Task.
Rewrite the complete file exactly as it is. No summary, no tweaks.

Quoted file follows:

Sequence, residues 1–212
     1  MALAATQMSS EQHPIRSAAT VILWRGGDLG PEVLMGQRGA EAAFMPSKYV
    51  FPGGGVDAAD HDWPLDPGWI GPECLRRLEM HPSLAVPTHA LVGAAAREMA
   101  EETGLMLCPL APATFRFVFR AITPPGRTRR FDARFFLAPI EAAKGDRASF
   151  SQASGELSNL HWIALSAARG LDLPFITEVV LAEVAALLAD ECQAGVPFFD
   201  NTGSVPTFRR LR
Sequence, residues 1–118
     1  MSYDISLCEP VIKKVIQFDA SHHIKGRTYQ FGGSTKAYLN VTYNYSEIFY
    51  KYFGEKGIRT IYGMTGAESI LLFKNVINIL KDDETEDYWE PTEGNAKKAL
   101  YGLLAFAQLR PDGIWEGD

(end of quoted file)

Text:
Sequence, residues 1–212
     1  MALAATQMSS EQHPIRSAAT VILWRGGDLG PEVLMGQRGA EAAFMPSKYV
    51  FPGGGVDAAD HDWPLDPGWI GPECLRRLEM HPSLAVPTHA LVGAAAREMA
   101  EETGLMLCPL APATFRFVFR AITPPGRTRR FDARFFLAPI EAAKGDRASF
   151  SQASGELSNL HWIALSAARG LDLPFITEVV LAEVAALLAD ECQAGVPFFD
   201  NTGSVPTFRR LR
Sequence, residues 1–118
     1  MSYDISLCEP VIKKVIQFDA SHHIKGRTYQ FGGSTKAYLN VTYNYSEIFY
    51  KYFGEKGIRT IYGMTGAESI LLFKNVINIL KDDETEDYWE PTEGNAKKAL
   101  YGLLAFAQLR PDGIWEGD